I’m part of a number of different Facebook groups that discuss finances. Frequently on some of these groups, people will post something asking for recommendations for their current situation. Lots of times these folks may be in the process of paying off debt. Maybe they’re trying to retire early and want to know where to allocate their money. Some people just don’t know what they should be paying attention to.
Most of the time the responses to these questions are immensely helpful. Particularly in some specific groups, replies tend to be well thought out and super supportive.
Every now and then, though, you get the reply that totally ignores the most critical part of personal finances: the person.
And as it turns out, personal finance is very personal. To take a person’s thoughts, feelings, emotions, goals, and risk tolerance totally out of the equation is making a decision with only some of the facts.
Here are three situations I’ve consistently seen people get slammed about:
This tends to come up frequently. “Sell your house, live in a small apartment. Did you know you can build a Tiny House for like $25,000?”
Yes, I did in fact know that. We could pay off a Tiny House in just a few months, if we neglect property prices around here. If we moved somewhere where we could get cheaper land, it’d probably take just a year or two and we’d be living without a housing payment at all.
But here’s the thing: we would be so. damn. miserable. Our house is definitely larger than we need, but it’s awesome. The finishes are nice, it’s in a great spot…it’s perfect for us.
I’m not going to even call that lifestyle creep. No creeping; we full-fledged know our lifestyle inflated with the purchase of our home. And we don’t care. We figured out how to make it work and still hit our goals.
Retiring early is still on the table – and entirely possible – and we’re never losing sight of that. I use my own spreadsheets and tools like Personal Capital to help me keep an eye on that.
When it comes to where you live, sometimes money isn’t about numbers. Sometimes it’s about having a safe place for your family. Maybe it’s about being close to friends, family, or work. Some people love the hustle and bustle of city life; others despise it.
What’s the point in saving money on housing if you hate your life every minute you are at home? Maybe from a numbers perspective the math works out, but if it’s making you miserable, it’s not a good value to you.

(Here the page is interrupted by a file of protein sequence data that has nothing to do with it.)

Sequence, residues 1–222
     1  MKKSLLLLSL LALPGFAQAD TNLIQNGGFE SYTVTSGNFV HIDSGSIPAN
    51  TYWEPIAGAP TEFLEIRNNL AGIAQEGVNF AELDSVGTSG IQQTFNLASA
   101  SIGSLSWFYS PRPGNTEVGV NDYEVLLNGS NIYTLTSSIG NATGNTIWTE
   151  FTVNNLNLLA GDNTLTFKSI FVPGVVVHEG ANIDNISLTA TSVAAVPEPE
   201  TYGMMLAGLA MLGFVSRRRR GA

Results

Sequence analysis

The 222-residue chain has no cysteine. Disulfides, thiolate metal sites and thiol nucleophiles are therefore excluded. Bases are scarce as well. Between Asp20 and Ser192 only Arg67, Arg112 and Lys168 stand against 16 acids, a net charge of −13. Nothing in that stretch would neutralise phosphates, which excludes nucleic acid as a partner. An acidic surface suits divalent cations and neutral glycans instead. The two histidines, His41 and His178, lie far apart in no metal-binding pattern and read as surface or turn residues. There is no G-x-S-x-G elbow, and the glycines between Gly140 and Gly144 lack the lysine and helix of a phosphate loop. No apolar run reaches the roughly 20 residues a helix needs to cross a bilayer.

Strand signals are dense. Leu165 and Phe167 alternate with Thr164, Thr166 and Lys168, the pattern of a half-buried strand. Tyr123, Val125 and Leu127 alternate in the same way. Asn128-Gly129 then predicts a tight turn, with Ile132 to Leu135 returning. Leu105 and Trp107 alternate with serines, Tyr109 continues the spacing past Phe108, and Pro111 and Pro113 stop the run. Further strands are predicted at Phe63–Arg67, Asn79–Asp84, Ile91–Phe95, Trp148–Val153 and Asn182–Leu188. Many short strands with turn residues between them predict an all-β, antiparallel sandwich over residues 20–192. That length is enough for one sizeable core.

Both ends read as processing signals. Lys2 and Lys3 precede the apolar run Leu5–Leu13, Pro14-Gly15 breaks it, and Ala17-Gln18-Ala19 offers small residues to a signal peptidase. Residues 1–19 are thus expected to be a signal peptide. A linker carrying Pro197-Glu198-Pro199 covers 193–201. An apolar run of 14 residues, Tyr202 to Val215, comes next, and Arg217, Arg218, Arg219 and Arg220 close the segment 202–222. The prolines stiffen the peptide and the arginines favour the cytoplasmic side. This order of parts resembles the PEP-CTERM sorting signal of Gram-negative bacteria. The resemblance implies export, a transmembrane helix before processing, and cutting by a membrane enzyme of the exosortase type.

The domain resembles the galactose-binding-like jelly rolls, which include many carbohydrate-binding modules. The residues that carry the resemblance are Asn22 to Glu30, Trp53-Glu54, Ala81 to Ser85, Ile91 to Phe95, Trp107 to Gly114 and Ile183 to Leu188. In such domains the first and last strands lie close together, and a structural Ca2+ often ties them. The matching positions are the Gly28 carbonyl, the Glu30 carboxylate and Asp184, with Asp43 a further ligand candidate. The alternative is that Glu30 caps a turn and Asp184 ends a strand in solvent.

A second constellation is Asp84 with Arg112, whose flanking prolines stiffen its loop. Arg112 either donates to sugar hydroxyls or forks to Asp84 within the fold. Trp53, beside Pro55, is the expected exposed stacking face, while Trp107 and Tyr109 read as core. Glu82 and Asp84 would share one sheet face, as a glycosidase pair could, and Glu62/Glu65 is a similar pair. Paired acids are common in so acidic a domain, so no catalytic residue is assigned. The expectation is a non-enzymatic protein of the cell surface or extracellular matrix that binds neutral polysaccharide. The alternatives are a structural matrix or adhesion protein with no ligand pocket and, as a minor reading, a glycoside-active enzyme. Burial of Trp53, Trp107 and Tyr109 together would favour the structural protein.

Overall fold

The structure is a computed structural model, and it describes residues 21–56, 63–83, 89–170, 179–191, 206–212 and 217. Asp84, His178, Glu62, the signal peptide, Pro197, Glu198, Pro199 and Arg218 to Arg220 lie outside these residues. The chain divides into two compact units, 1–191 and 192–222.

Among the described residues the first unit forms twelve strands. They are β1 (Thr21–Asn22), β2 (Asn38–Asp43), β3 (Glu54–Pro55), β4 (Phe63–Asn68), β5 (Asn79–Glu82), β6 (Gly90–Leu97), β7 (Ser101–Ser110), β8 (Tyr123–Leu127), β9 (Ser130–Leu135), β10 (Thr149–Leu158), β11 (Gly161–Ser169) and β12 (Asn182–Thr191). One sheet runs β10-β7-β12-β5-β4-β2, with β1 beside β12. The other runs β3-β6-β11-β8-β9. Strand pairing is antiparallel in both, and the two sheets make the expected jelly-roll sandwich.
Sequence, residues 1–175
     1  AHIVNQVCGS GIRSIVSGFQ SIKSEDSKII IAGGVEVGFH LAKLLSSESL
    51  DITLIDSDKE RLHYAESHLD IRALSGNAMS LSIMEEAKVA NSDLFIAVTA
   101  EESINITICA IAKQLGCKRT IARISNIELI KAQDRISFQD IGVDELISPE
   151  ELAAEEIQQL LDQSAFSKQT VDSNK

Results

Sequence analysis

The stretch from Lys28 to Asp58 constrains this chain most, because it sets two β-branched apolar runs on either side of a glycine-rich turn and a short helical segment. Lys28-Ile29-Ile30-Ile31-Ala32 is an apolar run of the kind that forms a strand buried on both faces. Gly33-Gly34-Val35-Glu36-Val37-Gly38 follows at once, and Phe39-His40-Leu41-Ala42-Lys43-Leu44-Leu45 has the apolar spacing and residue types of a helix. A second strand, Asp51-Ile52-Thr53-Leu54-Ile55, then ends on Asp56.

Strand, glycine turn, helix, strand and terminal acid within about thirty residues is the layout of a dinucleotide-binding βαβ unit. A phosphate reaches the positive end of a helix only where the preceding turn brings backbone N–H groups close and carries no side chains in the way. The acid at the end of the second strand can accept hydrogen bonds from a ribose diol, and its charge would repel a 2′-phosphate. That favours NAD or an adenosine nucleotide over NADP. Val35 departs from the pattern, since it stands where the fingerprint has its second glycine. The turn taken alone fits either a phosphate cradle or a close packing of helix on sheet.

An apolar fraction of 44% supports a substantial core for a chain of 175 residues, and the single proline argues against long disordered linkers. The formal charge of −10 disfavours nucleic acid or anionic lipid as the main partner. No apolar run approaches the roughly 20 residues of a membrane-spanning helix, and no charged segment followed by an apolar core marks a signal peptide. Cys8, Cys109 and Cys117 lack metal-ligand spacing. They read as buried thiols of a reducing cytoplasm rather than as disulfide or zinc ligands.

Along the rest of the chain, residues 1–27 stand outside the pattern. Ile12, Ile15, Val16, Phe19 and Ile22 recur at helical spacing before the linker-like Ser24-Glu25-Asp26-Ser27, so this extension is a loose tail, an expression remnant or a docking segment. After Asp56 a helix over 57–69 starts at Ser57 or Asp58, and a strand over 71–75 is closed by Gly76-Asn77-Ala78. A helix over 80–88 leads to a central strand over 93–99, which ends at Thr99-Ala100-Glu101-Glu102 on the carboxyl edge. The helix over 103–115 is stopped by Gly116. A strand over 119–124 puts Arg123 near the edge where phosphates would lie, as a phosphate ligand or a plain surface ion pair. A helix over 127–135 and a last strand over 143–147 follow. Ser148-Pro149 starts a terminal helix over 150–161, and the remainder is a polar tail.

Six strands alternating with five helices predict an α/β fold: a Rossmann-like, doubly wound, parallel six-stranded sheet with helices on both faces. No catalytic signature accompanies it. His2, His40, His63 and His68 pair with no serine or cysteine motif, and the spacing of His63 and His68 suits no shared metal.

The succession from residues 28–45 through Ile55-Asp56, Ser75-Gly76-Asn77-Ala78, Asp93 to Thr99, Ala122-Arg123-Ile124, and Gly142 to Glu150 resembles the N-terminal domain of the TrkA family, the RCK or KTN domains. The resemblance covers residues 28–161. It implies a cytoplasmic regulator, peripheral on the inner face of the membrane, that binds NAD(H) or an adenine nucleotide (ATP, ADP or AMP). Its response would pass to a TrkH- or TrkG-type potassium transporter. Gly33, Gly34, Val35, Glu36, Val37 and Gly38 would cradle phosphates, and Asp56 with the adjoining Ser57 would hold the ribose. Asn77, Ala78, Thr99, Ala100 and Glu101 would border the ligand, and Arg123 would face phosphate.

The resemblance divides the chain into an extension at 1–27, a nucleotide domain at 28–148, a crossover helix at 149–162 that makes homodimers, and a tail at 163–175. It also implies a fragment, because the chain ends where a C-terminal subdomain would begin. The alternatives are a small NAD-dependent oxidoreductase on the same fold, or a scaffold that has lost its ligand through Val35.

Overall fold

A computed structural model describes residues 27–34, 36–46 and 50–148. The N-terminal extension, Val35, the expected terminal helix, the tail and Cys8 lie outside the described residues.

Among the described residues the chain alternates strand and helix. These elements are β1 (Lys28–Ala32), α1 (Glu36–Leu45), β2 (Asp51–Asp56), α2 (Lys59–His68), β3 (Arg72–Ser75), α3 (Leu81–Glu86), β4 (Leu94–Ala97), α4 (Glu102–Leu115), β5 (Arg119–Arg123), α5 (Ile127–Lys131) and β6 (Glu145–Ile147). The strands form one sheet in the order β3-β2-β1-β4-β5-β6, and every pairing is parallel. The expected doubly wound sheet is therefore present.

When it comes to where you live, sometimes money isn’t about numbers but about living in a place that improves your quality of life and makes you happy.
While housing tends to have a lot of people in the “sell your house!” camp, work is a different situation. Here’s the scenario:
Preface: You have some hobbies on the side that may or may not yield some side-hustle money. You’re just starting out, and want to give it a shot, but also know that your career is your primary source of income for right now.
Maybe your manager is awful, so you’ve decided to leave the company. You start interviewing, and because you’re a purple squirrel you have your pick of jobs.
You have narrowed your list down to one of two jobs to choose from.
Job 1: The Status Quo Bill-Paying Job
Job 1 pays okay, and has awesome flexibility. It’s relatively low stress, “overtime” isn’t a word the company even knows of, and if you play your cards right you may be able to work from home every now and then. The caveat? The work isn’t all that interesting; it’s kind of just status quo stuff. Sure some of it is good, but much of it is mundane. Maybe this job will give you some time to focus on your side hustle, but maybe not. Even if it does, it’s not making any money that you can count on.
Job 2: The Challenging, Growth-Focused High-Paying Job